Early last week, James Carroll of Tyler, Texas, came to Billings for the second time in his life.
It was an enjoyable visit, but it was hard to top that first one, on Christmas Eve 1954.
Carroll was a 23-year-old Army private at the time, just out of basic training at Fort Bliss, Texas, on his way to Seattle on a troop train. From Seattle he shipped out to Alaska, where he would serve for the duration of his two-year enlistment.
The train stopped in Colorado to pick up some more troops, bringing the number of soldiers to somewhere between 100 and 200 men. As far as Carroll remembers, they were never allowed off the train until they reached Billings.
It was 5 or 6 p.m., “about time for the evening meal.” Carroll and four other guys walked downtown for something to eat. He doesn’t recall the name of the restaurant, but it was a good meal, with big steaks around the horn.
“We selected what we thought was the best place to eat,” he said. “What the heck, it was Christmas Eve, so we were going to have the best we could find.”
On the house
When they finished eating and walked up to pay their tab, the man behind the counter wouldn’t take their money. “He said our money was no good,” Carroll said. “We couldn’t believe it, because it was an expensive meal.”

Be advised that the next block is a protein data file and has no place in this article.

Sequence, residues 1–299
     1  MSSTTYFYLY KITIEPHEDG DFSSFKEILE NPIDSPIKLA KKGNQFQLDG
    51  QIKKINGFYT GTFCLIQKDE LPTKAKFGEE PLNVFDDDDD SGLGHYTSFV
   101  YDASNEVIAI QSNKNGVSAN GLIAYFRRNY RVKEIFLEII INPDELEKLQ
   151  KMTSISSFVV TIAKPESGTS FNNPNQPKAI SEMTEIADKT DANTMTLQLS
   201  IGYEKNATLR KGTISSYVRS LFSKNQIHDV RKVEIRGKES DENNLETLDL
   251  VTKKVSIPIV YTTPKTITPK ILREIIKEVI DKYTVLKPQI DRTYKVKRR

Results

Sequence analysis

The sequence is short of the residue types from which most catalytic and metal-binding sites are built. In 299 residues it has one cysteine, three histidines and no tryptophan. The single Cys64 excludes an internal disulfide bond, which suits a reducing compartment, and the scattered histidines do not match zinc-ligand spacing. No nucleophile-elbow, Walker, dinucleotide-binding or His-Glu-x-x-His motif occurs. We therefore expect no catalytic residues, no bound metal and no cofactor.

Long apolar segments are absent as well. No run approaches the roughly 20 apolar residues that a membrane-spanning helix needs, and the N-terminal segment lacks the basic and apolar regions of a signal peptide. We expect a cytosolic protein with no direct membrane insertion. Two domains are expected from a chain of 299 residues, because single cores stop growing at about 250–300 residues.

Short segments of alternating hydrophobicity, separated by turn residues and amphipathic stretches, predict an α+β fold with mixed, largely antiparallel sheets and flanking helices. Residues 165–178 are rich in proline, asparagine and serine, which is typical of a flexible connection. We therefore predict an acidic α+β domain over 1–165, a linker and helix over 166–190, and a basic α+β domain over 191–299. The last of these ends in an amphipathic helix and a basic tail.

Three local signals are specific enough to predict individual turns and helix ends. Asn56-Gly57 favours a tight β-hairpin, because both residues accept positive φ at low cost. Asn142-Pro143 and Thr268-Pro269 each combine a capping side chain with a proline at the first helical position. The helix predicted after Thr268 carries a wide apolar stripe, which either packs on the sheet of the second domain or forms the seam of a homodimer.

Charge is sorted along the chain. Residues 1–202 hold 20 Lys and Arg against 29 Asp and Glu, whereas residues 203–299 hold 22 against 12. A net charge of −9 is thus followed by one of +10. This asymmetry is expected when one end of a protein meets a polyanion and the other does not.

They left there in high spirits and continued strolling around downtown, struck by how friendly everybody was, how welcome they were made to feel.
“The shocker was when I got back to the train. Nobody had been able to pay for anything in Billings,” not even those who had tried to purchase gifts for their wives or girlfriends.
“I’m sure it was just spontaneous on the part of the people there,” he said. “I couldn’t believe it. A soldier was not going to pay for anything in Billings on Christmas Eve.”
He laughed and added, “I should have bought a car.”
As Carroll was preparing for bed that night, with the train just leaving town, he pulled aside the little curtains on his Pullman car.
The kid from Texas hadn’t seen much snow in his life, and he’d rarely seen anything so lovely.
The half-forgotten words of an old poem came to him that night in the Pullman car, something about the moonlight glimmering on the white-crusted snow, and he heard the soothing chug-chug of the train picking up steam.
“I’ve remembered that picture all my life,” he said.
And for 53 years he’s been telling people about the town that wouldn’t take money from soldiers on Christmas Eve.
He’d never been back until last week, when he and a companion, Alta Leath, were visiting friends in Cody. When Carroll saw how close it was to Billings, they decided to drive up.
“I’m 75 years old, and I don’t know how many more chances I’ll get,” he said.
So he and Alta spent the afternoon in Billings, driving around, shopping, taking photographs, visiting the newspaper to share Carroll’s story. Mostly, he came back to deliver a message.
“You just be sure to tell the people of Billings, thank you, from me and a couple hundred soldiers on Christmas Eve 1954.”
From the Billings Gazette, written by Ed Kemmick